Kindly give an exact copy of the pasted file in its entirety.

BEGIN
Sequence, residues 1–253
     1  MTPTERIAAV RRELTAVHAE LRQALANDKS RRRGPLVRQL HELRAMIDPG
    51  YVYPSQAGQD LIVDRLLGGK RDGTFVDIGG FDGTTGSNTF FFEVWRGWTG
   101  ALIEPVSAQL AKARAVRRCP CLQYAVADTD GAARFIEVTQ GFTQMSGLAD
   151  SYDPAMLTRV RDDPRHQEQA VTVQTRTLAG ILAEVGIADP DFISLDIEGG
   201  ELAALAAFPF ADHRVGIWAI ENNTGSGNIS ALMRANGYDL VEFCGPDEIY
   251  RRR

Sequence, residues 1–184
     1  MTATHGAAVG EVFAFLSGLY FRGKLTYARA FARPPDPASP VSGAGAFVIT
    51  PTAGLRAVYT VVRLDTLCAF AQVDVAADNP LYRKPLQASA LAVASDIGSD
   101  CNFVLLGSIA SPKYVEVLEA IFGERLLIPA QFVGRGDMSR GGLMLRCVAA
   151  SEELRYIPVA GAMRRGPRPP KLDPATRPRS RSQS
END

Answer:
Sequence, residues 1–253
     1  MTPTERIAAV RRELTAVHAE LRQALANDKS RRRGPLVRQL HELRAMIDPG
    51  YVYPSQAGQD LIVDRLLGGK RDGTFVDIGG FDGTTGSNTF FFEVWRGWTG
   101  ALIEPVSAQL AKARAVRRCP CLQYAVADTD GAARFIEVTQ GFTQMSGLAD
   151  SYDPAMLTRV RDDPRHQEQA VTVQTRTLAG ILAEVGIADP DFISLDIEGG
   201  ELAALAAFPF ADHRVGIWAI ENNTGSGNIS ALMRANGYDL VEFCGPDEIY
   251  RRR

Sequence, residues 1–184
     1  MTATHGAAVG EVFAFLSGLY FRGKLTYARA FARPPDPASP VSGAGAFVIT
    51  PTAGLRAVYT VVRLDTLCAF AQVDVAADNP LYRKPLQASA LAVASDIGSD
   101  CNFVLLGSIA SPKYVEVLEA IFGERLLIPA QFVGRGDMSR GGLMLRCVAA
   151  SEELRYIPVA GAMRRGPRPP KLDPATRPRS RSQS